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Hank enlightens you with the science behind the news, including the dynamics of recent "ice quakes," new insights into the neurology of marijuana, and the body language of victorious athletes. Winning!

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body language

pot use and schizophrenia

Welcome fellow curiosity seekers to 2014. Were your holidays marred by, I don't know like, mysterious explosions in the early morning hours? On the morning of Christmas Eve such blasts reportedly awakened people in Toronto, around New Years Eve the same thing in Vermont and New York state. If you live near the Great Lakes or maybe by some other body of water and you've been hearing things go boom in the night then you and your community may be suffering from cryoseism, also known as ice quakes; more accurately frost quakes. 

Cryoseism is a natural phenomenon that occurs when wet ground freezes very quickly as happened in many places during the sudden and severe cold snap that hit much of the US and Canada recently. When saturated ground dips below zero degrees Celsius the water in it freezes, and in the process expands about 9 percent. This creates a sudden build up in pressure that can only be released through the ground's surface. Despite its name, cryoseism isn't actually seismic activity; the bursts tend to be very small, very localized and most of the time they leave no visible trace. So the next time you think you hear explosions on a lake December night, just think of it as nature's way of ringing in the new year. 

2014 is also shaping up to be a banner year for the plant known as Cannabis sativa, also known as marijuana, which can now be used legally even for recreational purposes in Colorado. Last month, new rules went into effect in the state of Washington which made pot legal in 2012 and on December 23 the president of Uruguay signed an order making the drug legal there too.

But as more people are used to getting easier access to pot, scientists are sounding of notes of caution about its use. Doctors at Northwestern University reported recently that daily pot use can actually change the structure of your brain, and not for the better.  The physicians studied people in their 20s who had used pot daily for more than 3 years.  MRI scans found that the region of their brains related to memory had physically shrunk and in some cases, collapsed.  And the younger the people were when they first started using, the more deformed their memory centers were.  Pretty unsurprisingly, these users performed poorly on memory related tasks, compared to control subjects, but the more concerning finding from the study is that the brain abnormalities found in chronic users closely resemble those found in people with schizophrenia, a neurological disease that causes hallucinations, delusions, paranoia, and problems with working memory.  You can read all about it in the links below, all I can say is take care of your neurons and they'll take care of you.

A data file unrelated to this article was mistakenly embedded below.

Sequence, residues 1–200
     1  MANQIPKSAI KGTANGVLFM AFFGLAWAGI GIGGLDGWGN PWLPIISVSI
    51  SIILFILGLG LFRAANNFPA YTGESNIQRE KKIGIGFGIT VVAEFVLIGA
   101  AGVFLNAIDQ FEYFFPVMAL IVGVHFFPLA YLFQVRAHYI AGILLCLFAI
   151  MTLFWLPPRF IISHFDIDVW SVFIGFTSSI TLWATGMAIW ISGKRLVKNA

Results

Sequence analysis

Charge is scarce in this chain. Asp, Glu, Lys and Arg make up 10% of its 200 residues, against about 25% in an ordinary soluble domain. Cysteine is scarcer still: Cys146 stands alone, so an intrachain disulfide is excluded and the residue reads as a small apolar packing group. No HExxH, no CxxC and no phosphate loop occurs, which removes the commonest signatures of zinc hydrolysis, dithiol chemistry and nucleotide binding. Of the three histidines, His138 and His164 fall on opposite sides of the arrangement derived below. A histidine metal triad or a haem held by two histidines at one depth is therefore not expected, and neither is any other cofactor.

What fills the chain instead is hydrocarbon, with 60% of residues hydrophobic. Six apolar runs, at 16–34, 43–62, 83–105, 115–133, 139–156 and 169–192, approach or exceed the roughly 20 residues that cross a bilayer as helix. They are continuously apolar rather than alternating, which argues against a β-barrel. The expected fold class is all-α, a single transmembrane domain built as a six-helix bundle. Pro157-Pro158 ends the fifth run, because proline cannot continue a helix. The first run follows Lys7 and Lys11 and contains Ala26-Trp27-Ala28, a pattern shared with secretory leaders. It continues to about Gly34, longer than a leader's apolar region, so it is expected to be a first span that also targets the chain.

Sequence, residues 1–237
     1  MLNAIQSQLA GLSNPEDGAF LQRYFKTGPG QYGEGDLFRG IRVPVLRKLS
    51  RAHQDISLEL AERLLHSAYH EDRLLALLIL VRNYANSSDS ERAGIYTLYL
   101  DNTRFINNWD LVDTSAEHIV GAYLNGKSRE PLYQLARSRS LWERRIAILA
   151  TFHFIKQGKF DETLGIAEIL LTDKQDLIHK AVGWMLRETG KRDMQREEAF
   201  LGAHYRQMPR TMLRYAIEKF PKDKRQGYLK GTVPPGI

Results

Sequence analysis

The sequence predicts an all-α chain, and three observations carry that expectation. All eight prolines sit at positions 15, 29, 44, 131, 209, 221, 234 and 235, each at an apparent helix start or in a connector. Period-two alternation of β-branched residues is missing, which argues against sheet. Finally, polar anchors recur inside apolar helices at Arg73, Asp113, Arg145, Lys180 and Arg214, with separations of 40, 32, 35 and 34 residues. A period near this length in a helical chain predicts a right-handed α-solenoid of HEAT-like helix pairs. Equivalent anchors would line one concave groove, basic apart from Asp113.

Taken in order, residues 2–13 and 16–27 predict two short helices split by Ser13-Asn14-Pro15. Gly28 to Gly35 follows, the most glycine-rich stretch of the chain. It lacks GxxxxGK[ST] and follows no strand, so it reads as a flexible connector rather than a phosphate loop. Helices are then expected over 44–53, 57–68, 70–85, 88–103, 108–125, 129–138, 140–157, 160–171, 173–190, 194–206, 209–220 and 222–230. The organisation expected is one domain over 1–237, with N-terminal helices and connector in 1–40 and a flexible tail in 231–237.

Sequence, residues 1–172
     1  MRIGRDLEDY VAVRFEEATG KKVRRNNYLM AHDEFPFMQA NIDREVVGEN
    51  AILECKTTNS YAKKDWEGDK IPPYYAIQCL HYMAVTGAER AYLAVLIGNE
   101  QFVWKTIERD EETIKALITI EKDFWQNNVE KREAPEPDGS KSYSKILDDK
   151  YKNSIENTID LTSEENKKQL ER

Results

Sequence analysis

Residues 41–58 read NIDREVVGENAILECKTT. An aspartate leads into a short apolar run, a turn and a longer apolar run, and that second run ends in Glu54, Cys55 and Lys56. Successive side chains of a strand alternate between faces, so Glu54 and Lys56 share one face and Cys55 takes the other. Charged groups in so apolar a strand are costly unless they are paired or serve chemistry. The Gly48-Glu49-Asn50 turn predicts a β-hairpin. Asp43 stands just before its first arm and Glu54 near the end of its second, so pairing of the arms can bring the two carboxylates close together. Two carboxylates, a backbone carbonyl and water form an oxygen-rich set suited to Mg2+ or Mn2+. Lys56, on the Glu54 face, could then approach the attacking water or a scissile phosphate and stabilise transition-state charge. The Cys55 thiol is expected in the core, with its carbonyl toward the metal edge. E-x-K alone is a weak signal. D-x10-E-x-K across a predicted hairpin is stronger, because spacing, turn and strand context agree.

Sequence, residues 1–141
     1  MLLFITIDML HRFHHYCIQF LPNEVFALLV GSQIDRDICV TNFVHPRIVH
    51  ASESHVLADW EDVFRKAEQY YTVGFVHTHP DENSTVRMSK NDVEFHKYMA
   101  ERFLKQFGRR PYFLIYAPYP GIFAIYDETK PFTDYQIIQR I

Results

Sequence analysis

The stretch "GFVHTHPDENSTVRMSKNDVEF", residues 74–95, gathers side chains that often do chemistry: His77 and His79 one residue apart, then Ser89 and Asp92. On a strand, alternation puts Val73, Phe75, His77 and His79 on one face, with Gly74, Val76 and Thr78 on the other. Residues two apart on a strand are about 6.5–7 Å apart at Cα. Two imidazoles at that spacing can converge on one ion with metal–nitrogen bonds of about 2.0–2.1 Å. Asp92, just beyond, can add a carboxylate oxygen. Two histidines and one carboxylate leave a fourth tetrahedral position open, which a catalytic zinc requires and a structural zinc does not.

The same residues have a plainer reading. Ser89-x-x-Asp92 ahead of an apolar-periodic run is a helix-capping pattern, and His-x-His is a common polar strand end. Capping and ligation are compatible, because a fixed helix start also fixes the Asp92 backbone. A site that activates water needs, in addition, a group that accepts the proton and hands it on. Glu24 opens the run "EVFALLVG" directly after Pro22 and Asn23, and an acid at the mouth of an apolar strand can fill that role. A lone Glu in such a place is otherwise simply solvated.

And finally, who doesn't like to feel like a winner?  The Olympic games in Sochi get underway in less than a month, and they are providing their own interesting insights into human behavior.  A new study released today, for instance, reveals that the body language of victory appears to be universal, across time and culture.  A pair of psychologists from San Francisco State University came to this conclusion after they and some observers watched sporting events of many kinds in many countries to read how athletes react when they found out that they had won their event.  The found that the same specific set of gestures came together time and again to form what they call 'a dominance threat display', like aaaughhauah.  In case you've never won anything in your life, I'll describe it to you: arms raised, usually with fists up above the shoulders, chest puffed up, head thrown back, yaaaaaaaah, yeah, it feels good, try it, you just feel better.  Psychologists say that this kind of flaunting is more than mere pride but a physical display of domination over competitors, and it was even observed in athletes who had been blind from birth, suggesting that it is an innate behavior and not learned.  

But you know who I think the winners are?  You, for watching this episode of SciShow News, especially if you're one of our cherished Subbable subscribers.  If you'd like to sponsor a graphic with your name on it, or get a SciShow poster signed by the whole crew, you can learn about these and other perks by going to  And of course, you can also find us on Facebook and Twitter, and don't forget to go to and subscribe.

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